For one thing, the customer will be happy to save money (in his/her mind) and will give you more laundry in future orders (“after all, it’s only 69 cents a pound”). Customers who haven’t tried your wash-dry-fold service will say, “What the heck, I might as well use their service instead of wasting my time here.” The loss in unit-sale dollars will result in total greater revenue. That is always the way sales incentives work.

HANG A LARGE CLOCK IN YOUR STORE

Sure, most people have cell phones and can just look at their gadget of choice to see the time. But not all of your customers have them. Why not make it easier for everyone to know what time it is? It is just a service you should provide.

GIVE MACHINES NAMES, NOT NUMBERS

Some of you don’t assign any machine identity. Others number their machines. How about giving each machine a name? You could name them after celebrities: Clooney, Madonna, Eastwood. Or professional athletes: Manning, Woods, Ortiz. Or just funky names: Orville, Fritz, Miranda. It’s a whimsical touch that might bring a smile to the face of your customer who comes to you and says, “Miranda isn’t working.”

SELL A VALUE CARD

Offer $10 worth of laundry for $8. Giving the customer a break is always a good strategy. It makes the customer appreciate you that much more. When someone has a problem, they’ll be more forgiving. When a new Laundromat opens up that is closer, your customer will remain loyal to your store.

PAINT A MURAL ON YOUR EXTERIOR SIDE WALL

Have an exterior wall that’s just a white rectangle? Select an artist, who, for a moderate sum, will paint an interesting mural the length of the side. What subject? If you are located in an ethnic neighborhood, choose a scene depicting the “old country.” If in a dull commercial area, paint a group of smiling, larger-than-life faces. If the spirit moves you/the artist, a vivid abstract will do. The point of the effort is to draw attention to your building, and thus to your Laundromat.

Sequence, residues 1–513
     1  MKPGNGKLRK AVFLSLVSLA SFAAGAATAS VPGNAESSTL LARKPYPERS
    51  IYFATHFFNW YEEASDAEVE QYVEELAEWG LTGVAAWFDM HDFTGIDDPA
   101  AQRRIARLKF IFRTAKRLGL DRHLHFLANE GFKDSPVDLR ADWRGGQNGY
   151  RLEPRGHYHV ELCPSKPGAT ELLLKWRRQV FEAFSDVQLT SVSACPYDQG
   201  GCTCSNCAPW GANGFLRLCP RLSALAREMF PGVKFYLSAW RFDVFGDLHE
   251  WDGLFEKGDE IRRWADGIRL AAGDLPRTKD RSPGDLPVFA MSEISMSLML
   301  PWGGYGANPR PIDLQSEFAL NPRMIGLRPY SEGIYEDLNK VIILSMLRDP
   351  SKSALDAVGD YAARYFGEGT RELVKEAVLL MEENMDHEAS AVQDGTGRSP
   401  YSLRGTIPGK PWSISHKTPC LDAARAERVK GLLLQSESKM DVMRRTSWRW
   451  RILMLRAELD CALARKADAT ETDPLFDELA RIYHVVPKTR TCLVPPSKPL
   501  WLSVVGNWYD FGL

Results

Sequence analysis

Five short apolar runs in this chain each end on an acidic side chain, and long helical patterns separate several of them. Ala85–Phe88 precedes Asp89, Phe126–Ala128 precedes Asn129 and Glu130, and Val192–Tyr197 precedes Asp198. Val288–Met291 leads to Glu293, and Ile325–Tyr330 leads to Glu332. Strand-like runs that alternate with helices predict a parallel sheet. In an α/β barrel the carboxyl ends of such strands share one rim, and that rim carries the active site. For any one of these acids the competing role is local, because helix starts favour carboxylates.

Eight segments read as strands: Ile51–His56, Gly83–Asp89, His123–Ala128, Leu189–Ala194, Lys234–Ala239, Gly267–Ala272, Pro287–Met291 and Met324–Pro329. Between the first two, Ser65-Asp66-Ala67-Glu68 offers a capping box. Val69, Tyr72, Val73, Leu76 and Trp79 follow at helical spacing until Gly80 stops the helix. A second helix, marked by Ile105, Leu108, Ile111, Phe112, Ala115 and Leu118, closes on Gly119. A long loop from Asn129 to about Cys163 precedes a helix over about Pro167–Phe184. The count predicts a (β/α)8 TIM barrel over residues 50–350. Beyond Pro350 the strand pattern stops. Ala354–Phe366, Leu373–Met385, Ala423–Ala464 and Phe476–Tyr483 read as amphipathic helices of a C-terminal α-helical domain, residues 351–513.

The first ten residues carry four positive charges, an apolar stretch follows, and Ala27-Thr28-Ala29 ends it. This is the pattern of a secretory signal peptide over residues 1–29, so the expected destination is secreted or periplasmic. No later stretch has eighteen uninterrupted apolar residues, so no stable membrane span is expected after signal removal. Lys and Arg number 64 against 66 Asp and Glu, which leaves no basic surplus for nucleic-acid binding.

You ever have someone call up and ask, “Where is your place?” If you do, all you have to say, “I’m the building with the water mural.” Plus, you become an arts supporter, and that’s something you can use to rope in the arts community as customers.

SET UP A GLASS DISPLAY OF YOUR MERCHANDISE FOR SALE

Include all the detergent products in their colorful boxes, along with stain stick products, laundry bags, and whatever else you peddle. With a display case attractively arranged, patrons will have a look. You never know what might happen. If you sell soap bars (as an add-on), they might buy. They might purchase a box of detergent for next time. If you have a Laundromat decal, they might purchase that. The first rule of retail sales is to make it attractive.

If any of these ideas float your boat, give them a try. Even better, give them all a try.

About the author

Howard Scott

H&R Block

Industry Writer, Drycleaning Consultant, and H&R Block Tax Preparer

Howard Scott is a longtime industry writer and drycleaning consultant, and an H&R Block tax preparer specializing in small businesses. He welcomes questions and comments, and can be reached by writing Howard Scott, Dancing Hill, Pembroke, MA 02359.